As the sing-along crackdown returned over the summer, With and others started thinking more about capturing their experiences for posterity. "We've been talking about doing a book for some time, but it just seems now is right," she says.
With says the book will be anchored by an essay introducing the Solidarity Sing Along, though the story will be told primarily through photos. Multiple contributors are selecting images to submit, and With is working on the layout and designing the cover. The book should be about 60 pages and will be published in hardcover.
Proceeds from the sale of Unintimidated: The Book will go to the First Amendment Protection Fund, which is supporting the legal costs of those arrested and cited in association with the crackdown on the sing-along. Pre-orders are now open, and With says it will be sold by Madison-area bookstores, Amazon and Barnes & Noble. More information is available at unintimidated.org and a corresponding Facebook page.
Unintimidated by the Solidarity Sing Along is scheduled for release on Oct. 31. Unintimidated: A Governor's Story and a Nation's Challenge, by Scott Walker and Marc Thiessen, is slated for release on Nov. 19.
Presidential campaigns often revolve around a book, a manifesto stating the candidate's ambitions and outlook for America. It's no different for Walker, who is testing the waters for a run in 2016.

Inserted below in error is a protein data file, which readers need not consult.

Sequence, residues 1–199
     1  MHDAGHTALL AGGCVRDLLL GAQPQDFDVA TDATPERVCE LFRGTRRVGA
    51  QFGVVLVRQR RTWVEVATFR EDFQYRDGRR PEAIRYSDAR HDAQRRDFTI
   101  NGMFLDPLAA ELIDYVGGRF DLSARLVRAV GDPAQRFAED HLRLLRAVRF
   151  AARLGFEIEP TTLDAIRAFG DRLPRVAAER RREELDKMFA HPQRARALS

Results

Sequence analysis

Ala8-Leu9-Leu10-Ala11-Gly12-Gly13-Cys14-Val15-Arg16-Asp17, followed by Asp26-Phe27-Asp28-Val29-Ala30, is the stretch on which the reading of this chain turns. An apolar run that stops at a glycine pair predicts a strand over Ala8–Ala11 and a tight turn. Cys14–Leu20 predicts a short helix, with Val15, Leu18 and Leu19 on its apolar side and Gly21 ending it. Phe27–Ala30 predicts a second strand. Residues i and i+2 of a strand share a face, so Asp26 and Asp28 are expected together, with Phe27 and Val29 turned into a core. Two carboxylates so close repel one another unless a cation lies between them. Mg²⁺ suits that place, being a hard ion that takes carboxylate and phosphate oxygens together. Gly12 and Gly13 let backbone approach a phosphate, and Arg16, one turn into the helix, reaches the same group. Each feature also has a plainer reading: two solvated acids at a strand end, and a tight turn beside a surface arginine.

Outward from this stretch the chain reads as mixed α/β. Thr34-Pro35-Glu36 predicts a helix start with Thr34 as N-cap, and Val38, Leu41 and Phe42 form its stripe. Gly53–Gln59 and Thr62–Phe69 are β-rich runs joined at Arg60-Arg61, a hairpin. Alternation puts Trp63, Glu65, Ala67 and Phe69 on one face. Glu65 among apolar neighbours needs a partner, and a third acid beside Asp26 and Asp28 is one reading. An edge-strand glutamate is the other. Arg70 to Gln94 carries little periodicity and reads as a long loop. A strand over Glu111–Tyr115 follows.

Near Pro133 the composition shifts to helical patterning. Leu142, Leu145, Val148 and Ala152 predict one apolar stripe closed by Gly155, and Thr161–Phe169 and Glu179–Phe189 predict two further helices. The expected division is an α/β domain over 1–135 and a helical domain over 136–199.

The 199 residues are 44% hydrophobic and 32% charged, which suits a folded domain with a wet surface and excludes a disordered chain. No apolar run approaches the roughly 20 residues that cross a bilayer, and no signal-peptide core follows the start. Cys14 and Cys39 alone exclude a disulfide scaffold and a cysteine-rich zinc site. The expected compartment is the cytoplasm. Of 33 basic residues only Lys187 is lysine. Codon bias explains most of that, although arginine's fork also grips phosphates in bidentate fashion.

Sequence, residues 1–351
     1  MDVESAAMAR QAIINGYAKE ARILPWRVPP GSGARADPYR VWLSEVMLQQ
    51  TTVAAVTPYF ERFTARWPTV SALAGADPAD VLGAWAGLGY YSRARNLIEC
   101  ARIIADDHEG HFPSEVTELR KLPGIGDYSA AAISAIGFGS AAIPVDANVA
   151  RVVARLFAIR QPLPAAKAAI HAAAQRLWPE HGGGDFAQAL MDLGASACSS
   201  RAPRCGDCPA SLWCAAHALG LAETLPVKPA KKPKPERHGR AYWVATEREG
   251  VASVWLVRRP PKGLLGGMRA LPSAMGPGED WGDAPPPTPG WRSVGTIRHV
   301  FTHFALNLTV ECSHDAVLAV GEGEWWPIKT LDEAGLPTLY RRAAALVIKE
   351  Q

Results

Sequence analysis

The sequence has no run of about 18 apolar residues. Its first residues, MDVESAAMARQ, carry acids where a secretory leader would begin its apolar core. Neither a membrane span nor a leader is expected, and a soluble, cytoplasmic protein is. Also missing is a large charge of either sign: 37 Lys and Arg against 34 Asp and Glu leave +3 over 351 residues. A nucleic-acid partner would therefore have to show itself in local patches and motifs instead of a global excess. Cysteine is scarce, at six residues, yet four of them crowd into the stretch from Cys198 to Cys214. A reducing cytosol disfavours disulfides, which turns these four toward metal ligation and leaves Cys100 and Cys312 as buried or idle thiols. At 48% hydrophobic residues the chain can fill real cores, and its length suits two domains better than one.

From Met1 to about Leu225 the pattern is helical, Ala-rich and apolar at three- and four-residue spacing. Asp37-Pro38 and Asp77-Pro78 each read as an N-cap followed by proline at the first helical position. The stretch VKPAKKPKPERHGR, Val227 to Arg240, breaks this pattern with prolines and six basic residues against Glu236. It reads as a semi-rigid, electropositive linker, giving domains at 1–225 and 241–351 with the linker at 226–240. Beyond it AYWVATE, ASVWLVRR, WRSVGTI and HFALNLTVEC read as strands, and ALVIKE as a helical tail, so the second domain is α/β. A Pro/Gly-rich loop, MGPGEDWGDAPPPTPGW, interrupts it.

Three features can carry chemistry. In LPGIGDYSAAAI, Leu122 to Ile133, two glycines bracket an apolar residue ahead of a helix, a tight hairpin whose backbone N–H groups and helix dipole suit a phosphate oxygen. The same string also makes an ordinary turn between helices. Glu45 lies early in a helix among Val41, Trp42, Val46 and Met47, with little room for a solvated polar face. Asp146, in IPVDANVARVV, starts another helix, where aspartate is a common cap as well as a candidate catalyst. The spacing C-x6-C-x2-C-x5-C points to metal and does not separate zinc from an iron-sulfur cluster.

The conservative National Review broke the news in March that Walker would be releasing his first book, helping to stoke the chatter over his potential candidacy. Co-author Thiessen is a former speechwriter for President George W. Bush and Washington Post columnist. (A Salon report on the book noted that Thiessen promoted Walker as a potential VP selection in 2012.)
The book's publisher is Sentinel, a conservative imprint of Penguin Group, which has released tomes by former presidential candidate Mike Huckabee, The Persecution of Sarah Palin by Matthew Continetti, and The War on Christmas by John Gibson. Financial terms of Walker's and Thiessen's book have not been released.
The official description for Unintimidated casts Walker as embattled amid the massive protests triggered by his plan to eliminate collective bargaining rights for most public workers and his subsequent recall election. "He stood his ground despite relentless political and personal attacks with the help of supporters across the country who hailed him for having the courage to drive real change," it reads. The promotional text goes on to applaud Walker's recall win, declare victory for Act 10 and, most importantly, frame the governor's identity for a national audience.
"He also shows what his experiences can teach defenders of liberty across the country about standing up to the special interests that favor the status quo."
With argues that Walker is more of a bully than a defender of freedom.
"I think intimidation has been Walker's key tool that he's used to quash dissent, and the Solidarity Sing Along identified as being unintimidated long before he chose to use it as the title of his book," she says.
"Anybody can write a book about being unintimidated, but Walker's actions don't show that," adds Huberty. "He's clearly intimidated, otherwise why is he applying so much pressure to get people out of the Capitol?"